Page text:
Common name: Scammony Saqmooniyaa
Botanical name: Convolvulus scammonia 

Scientific name: Convolvulus  scammonia
English name:Scammony,   Bindweed
Farsi name:
Arabic name:Mahmooda
Hindi name: Saqmonia, Saqmunia
Urdu name:سقونیا Saqmoonia

Your Content Goes Here

          Scientific classificationedit
   Kingdom: Plantae
   Clade: Tracheophytes
   Clade: Angiosperms
   Clade: Eudicots
   Clade: Asterids
   Order: Solanales
   Family: Convolvulaceae
   Genus: Convolvulus
   Species:
C. scammonia

Description:

Natural Order, Convolvulaceae. A twining plant, growing wild in Western Asia and in portions of Greece and Turkey. Stems fifteen to twenty feet long, numerous and smooth; leaves alternate, arrow-shaped, smooth, and on long petioles; flowers an inch or more in length, funnel-shaped, pale yellow, axillary; sepals five, obovate; bracts awl shaped; stamens and styles shorter than the corolla. The roots are perennial, two or more inches in diameter at the top, tapering, three or four feet long, brownish without, whitish within, with an acrid milky juice, succulent. This root abounds in a resinous material, which may be obtained from either the fresh or the dried plant.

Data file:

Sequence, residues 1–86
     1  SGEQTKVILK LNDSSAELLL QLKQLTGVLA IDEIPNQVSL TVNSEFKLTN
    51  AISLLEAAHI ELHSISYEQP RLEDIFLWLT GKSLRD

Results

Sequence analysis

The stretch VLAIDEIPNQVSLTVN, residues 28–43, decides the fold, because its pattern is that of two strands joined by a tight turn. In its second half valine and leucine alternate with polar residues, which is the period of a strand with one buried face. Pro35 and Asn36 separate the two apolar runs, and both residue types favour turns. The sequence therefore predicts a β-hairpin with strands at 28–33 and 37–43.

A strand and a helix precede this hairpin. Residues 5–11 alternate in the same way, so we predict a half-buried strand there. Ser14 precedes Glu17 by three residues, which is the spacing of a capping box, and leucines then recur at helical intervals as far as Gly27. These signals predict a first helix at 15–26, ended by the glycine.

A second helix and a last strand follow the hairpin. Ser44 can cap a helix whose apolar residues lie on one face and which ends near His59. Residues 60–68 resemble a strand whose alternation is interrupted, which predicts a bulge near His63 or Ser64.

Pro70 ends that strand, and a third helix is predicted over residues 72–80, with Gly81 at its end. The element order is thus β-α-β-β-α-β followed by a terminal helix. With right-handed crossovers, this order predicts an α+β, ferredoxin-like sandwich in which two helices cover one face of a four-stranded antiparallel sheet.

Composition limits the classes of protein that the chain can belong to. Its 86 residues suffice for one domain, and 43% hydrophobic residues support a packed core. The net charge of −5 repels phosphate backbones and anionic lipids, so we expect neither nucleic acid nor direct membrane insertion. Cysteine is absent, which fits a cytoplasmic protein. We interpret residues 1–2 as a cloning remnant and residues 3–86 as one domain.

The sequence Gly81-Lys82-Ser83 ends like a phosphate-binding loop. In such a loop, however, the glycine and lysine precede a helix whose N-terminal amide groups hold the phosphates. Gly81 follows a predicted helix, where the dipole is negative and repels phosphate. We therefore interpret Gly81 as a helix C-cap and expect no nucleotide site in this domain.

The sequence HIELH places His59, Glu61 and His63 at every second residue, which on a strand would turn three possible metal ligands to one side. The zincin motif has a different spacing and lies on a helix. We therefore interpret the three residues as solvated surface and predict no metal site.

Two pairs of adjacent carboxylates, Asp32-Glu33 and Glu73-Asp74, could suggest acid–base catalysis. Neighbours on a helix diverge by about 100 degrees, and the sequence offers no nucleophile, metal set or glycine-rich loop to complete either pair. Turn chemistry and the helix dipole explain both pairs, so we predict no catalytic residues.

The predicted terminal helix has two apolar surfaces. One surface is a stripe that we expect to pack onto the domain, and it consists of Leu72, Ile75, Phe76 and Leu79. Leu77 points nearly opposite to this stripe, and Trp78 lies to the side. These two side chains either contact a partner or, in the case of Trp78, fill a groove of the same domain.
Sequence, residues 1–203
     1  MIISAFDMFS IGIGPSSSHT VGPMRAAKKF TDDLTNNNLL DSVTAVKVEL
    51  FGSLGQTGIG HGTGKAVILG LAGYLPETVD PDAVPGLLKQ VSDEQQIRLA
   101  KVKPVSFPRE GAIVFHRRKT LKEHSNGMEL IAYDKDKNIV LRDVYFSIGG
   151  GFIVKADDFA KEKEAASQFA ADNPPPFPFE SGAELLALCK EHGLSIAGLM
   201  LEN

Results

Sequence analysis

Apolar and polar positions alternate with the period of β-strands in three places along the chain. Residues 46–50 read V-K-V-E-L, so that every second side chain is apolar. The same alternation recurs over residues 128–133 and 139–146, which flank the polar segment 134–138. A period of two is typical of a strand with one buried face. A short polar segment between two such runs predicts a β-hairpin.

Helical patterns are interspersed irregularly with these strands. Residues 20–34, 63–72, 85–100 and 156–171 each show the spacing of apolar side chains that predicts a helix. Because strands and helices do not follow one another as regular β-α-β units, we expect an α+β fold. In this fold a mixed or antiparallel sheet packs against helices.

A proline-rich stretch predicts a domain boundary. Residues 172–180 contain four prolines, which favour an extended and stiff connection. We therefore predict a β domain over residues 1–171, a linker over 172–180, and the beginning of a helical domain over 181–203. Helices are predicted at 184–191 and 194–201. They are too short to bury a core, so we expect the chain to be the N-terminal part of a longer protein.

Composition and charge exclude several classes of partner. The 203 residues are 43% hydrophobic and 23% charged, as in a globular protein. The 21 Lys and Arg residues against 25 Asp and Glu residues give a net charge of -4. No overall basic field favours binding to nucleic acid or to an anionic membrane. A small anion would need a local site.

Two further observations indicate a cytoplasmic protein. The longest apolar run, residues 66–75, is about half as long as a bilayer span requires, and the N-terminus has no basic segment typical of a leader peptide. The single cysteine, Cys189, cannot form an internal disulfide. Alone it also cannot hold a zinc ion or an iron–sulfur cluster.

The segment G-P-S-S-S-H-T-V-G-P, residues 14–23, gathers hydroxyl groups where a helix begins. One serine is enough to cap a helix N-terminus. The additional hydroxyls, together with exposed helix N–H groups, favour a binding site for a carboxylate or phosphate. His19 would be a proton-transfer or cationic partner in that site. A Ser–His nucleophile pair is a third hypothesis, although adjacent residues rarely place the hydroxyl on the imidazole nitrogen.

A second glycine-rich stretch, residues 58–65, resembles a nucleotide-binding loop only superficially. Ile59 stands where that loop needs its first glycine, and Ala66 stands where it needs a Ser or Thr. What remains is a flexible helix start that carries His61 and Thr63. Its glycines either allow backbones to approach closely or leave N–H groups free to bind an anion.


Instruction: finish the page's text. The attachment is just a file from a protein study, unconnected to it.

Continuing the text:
Scammony is valued for its resin, which is the medicinal portion always alluded to in Pharmacy, and which passes under the various names of Scammony resin, Virgin scammony, and Lachryma scammony. Mr. Maltass, in the London Journal of Pharmacy, gives a detailed account of the preparation of this resin; from which the following particulars are condensed:

While the plant is in full flower, a slanting incision is made in the root about an inch below the crown; and a shell placed below this catches the milky sap, which flows freely during the cool hours of the day. Plants about four years old, and those growing on dry and poor soils, are best; and one root yields from sixty to one hundred grains of resin. The juice is gathered from the shells into a copper vessel, thoroughly mixed, and afterward dried completely on skins, in a shade. It comes to market in small, broken masses; of a nearly black color, resinous, of a cheesy smell, and readily forming a milky liquid when moistened with either water or saliva. Its powder is ashy-brown.

Your Content Goes Here

Your Content Goes Here